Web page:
IDF’s largest-ever aerial exercise takes off, with India on board

A fighter jet takes part in the international Blue Flag exercise in early November 2017. (Israel Defense Forces)

A fighter jet takes part in the international Blue Flag exercise in early November 2017. (Israel Defense Forces)

In first, New Delhi sends aircraft to 11-day Blue Flag drill, aimed at improving technical skills, diplomatic cooperation

(SOURCE)    Air forces from nine countries on Sunday kicked off the Blue Flag exercise in southern Israel — the largest aerial exercise ever held by the Israel Defense Forces.

Teams from India, the United States, Greece, Poland, France, Italy and Germany are taking part in the exercise, along with Israel and an eighth country unidentified by the IDF.

It is the first time that India is taking part in the biennial exercise, a sign of the improving military ties between Jerusalem and New Delhi.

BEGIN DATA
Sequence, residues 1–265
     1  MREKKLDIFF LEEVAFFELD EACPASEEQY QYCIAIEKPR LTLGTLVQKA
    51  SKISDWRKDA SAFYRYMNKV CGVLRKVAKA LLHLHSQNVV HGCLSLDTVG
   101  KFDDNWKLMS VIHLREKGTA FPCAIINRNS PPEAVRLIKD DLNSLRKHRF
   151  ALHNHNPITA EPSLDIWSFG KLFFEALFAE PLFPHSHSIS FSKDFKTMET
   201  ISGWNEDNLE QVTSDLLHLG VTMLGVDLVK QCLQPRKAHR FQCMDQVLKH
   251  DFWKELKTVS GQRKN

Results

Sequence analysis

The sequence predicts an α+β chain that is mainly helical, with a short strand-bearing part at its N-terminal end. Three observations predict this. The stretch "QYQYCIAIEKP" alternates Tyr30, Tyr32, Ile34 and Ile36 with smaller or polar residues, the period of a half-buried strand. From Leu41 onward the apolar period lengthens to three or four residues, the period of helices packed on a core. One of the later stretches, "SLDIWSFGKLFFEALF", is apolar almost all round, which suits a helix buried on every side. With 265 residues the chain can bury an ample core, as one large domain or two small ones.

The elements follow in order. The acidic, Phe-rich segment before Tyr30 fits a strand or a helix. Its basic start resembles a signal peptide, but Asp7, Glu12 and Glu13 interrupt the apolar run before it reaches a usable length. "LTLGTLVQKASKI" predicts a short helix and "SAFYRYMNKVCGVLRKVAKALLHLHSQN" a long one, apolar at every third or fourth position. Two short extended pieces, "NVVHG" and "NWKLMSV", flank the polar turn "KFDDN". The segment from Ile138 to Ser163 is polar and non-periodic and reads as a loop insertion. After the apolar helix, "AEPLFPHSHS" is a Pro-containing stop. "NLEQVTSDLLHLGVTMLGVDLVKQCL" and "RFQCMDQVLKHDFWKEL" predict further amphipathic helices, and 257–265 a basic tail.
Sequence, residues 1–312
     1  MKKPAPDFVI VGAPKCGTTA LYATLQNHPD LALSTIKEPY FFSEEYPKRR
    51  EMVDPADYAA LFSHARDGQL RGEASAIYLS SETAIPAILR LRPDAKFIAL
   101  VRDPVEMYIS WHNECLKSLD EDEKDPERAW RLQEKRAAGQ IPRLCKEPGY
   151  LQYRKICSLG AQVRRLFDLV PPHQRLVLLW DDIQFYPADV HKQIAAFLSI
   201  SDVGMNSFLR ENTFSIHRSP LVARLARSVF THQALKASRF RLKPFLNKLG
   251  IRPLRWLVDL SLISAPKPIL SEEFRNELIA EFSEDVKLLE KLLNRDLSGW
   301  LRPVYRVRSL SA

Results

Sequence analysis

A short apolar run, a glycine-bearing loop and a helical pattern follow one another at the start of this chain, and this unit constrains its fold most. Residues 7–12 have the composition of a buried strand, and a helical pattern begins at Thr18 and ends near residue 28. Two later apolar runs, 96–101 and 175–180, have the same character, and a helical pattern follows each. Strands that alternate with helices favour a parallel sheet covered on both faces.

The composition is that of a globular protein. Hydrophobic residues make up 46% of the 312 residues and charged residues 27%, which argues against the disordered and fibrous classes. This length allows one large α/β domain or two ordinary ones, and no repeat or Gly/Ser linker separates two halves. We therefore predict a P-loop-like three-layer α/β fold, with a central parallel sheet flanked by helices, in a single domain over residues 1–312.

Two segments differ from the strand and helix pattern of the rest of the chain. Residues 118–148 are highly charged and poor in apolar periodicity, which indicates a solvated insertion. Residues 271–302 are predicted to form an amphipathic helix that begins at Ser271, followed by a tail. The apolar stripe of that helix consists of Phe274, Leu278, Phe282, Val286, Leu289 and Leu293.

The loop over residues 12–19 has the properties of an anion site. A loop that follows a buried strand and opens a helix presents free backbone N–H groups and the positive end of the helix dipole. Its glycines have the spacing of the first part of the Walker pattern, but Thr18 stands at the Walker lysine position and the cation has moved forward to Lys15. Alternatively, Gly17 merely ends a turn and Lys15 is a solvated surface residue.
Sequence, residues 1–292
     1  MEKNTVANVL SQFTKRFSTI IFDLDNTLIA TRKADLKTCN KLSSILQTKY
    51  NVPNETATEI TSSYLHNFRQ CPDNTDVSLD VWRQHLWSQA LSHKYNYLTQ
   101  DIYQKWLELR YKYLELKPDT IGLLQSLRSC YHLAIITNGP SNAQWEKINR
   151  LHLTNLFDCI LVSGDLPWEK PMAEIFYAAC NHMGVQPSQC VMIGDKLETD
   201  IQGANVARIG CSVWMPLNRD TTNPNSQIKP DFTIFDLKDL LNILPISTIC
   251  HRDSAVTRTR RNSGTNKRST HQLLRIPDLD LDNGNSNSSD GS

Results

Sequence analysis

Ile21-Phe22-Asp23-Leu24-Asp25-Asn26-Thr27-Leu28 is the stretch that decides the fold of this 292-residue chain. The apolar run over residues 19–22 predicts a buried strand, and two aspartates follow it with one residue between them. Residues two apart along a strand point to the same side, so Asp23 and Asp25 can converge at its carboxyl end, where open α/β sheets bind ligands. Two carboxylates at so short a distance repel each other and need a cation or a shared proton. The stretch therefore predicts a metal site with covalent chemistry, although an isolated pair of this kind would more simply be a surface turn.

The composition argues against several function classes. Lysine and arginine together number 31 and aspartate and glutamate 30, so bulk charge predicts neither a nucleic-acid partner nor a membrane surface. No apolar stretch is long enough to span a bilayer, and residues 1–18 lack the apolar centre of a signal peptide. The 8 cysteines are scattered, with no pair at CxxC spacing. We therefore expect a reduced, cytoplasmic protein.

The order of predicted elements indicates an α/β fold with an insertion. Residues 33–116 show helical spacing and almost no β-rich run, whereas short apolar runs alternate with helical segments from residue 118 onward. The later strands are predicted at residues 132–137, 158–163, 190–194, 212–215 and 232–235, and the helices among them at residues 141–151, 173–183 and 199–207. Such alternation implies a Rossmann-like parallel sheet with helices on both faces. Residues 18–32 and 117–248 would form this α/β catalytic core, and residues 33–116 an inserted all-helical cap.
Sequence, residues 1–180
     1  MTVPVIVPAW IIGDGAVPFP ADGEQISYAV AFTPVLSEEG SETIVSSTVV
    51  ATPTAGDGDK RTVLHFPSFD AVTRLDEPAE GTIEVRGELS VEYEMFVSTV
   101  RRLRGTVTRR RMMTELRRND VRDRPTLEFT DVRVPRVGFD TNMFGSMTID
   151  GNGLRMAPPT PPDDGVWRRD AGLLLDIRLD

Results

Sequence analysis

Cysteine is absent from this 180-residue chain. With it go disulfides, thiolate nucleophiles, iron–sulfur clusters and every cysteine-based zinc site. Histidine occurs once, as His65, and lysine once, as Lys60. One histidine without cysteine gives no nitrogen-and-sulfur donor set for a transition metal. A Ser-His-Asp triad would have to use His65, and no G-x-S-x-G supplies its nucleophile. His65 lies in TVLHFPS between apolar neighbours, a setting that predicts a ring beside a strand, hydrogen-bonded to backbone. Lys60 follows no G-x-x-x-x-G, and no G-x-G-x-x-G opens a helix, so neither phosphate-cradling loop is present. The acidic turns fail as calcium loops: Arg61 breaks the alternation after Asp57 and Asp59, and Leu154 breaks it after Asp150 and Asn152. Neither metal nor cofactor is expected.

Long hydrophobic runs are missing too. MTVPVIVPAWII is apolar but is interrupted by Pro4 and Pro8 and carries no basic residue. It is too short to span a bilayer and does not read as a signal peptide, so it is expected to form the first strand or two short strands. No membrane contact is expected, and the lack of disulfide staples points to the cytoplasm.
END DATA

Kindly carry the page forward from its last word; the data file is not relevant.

The Indian Air Force sent a C-130J transport plane. Other countries sent fighter jets, transport planes and refueling aircraft.

According to the IDF, more than a thousand people — including pilots, commanders and technical personnel — are taking part in the 11-day exercise.

The exercise is being held out of the Israeli Air Force’s Ovda base, north of Eilat.

“The participating nations arrived in Israel in their own aircraft and will practice different situations and scenarios,” the IDF said.

The countries will square off against the IDF’s so-called Red Squadron, which acts as an enemy force in exercises.

According to the army, the goal of the exercise is to both improve technical ability and to strengthen the “diplomatic cooperation between the countries.”

Fighter jets take part in the international Blue Flag exercise in early November 2017. (Israel Defense Forces)

It is Israel’s third time hosting the international biennial Blue Flag exercise, beginning in 2013, with it growing larger each time.

The planning for the 2017 exercise began approximately a year ago, the IDF said.

This year, the military scaled back the amount of time the planes will be flying and the areas in which they will operate “in order to not interfere with civilian flights to Eilat,” the army said.

The IDF stressed that Blue Flag is not tied to any particular ongoing security situation.

The military also said that people should not be alarmed by increased aerial activity.